But once you strip away (hey-o!) all of the unnecessary pretense, the goofy subtext, and the oh-so-goddamn-cleverness, you’re left with… well, you’re left with zombie strippers. And that part is absolutely worth seeing. If you’re a fan of the zombie genre (and if you’re not, I’m shaking my head sadly right now), it’s a must-see. If you’re a fan of strippers… um… never mind. Moving on! What makes the movie so gratifying is that it’s obvious that everyone involved is enjoying themselves. Despite most of the cast being average-to-poor actors, they’re clearly having a ball with the material, and that goofiness is infectious. The violence is completely over-the-top, so you won’t have to worry about squirming or seeing deliberately shocking violence like you’ll find in Hostel or its awful ilk. In fact, the special effects are actually pretty fascinating; the zombie makeup is actually pretty damn good. It’s no Tom Savini, but given the obvious shoestring budget, it’s pretty impressive. The other effects, however (explosions, guns, etc.) are flat-out terrible.

Perhaps it’s a waste of time, but the acting deserves to be mentioned. Overall, it’s not good, if not downright cringe-worthy in some parts. Englund is his usual hammy self, which you will actually enjoy. Jameson is surprisingly decent, considering that her dialogue consists of something more than awful entendres towards an oiled-up plumber(and that she delivers most of her lines while naked and covered in zombie ichor). While the remaining cast isn’t going to win any awards, or probably ever even break out of this level of movie, they seemed content with their roles and were honestly enjoying themselves.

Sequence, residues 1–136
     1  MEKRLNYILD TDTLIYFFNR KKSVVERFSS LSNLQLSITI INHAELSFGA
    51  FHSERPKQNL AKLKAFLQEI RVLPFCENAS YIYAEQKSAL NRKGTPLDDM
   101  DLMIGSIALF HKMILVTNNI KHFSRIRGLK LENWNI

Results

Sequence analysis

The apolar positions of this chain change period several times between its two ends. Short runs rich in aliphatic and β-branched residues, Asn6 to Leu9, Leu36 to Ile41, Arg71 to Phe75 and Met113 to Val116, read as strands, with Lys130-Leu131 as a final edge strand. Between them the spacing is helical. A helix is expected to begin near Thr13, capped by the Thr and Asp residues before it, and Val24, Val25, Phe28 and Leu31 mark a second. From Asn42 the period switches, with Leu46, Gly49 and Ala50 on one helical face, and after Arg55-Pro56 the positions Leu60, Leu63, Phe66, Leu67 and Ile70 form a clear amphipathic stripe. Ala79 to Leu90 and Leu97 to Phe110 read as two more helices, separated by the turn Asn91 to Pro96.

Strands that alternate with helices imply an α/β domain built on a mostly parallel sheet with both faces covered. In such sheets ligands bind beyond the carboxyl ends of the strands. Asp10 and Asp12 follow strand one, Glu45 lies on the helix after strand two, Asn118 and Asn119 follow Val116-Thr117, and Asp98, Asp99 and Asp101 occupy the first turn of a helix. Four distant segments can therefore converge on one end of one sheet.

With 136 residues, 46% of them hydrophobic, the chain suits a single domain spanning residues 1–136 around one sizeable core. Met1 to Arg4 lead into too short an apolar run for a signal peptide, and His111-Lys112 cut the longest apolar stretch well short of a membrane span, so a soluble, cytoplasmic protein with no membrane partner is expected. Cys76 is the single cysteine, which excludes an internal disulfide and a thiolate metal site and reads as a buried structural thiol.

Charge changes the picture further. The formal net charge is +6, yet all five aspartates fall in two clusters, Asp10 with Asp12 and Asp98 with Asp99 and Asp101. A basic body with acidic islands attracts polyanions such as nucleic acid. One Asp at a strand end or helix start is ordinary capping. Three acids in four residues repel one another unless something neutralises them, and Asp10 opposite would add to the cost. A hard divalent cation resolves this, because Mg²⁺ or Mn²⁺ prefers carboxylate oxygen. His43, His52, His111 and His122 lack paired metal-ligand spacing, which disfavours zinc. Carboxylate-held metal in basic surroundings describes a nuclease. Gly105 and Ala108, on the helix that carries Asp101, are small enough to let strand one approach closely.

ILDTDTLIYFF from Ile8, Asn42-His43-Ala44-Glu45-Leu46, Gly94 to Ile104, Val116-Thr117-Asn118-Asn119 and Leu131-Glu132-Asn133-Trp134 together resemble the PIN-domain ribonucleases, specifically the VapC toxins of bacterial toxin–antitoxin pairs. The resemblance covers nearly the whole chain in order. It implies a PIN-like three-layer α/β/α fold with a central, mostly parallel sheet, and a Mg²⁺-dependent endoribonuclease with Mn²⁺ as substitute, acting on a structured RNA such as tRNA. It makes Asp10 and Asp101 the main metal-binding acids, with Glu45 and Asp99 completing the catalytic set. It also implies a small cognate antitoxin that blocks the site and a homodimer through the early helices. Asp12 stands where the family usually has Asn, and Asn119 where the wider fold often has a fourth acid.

On the stripper side of it, I suppose it bears mentioning that the nakedness in Zombie Strippers is constant and almost desensitizing. You will see breasts of all shapes and sizes. You will see real breasts and fake breasts and breasts with pierced nipples. Most importantly, you will see all of those breasts rot and corrode and look altogether gross. It will give you an entirely new opinion of strip clubs. I used to think that Beansnappers in Appleton, WI was the worst strip club scene I’d ever see — I mean, one of those women had a fresh tattoo of a bleeding rose. On her face. Zombie Strippers is here to show me that I was wrong. Gleefully, gorily, gloriously wrong. For a solid 20 minutes after the soldier breaks into the night club, the movie cycles through the following rotation of scenes: Girl dances, takes off clothes. Girl gets bitten by zombies, dies horribly. Girl rises from dead, has irresistible undead urge to dance, take off clothes. Girl takes customer in back for lap-dance. Girl eats customer in gruesome, flesh-tearing, organ chewing fashion, usually starting with the groinal area. New girl dances, takes off clothes. Repeat. After that it gets even better.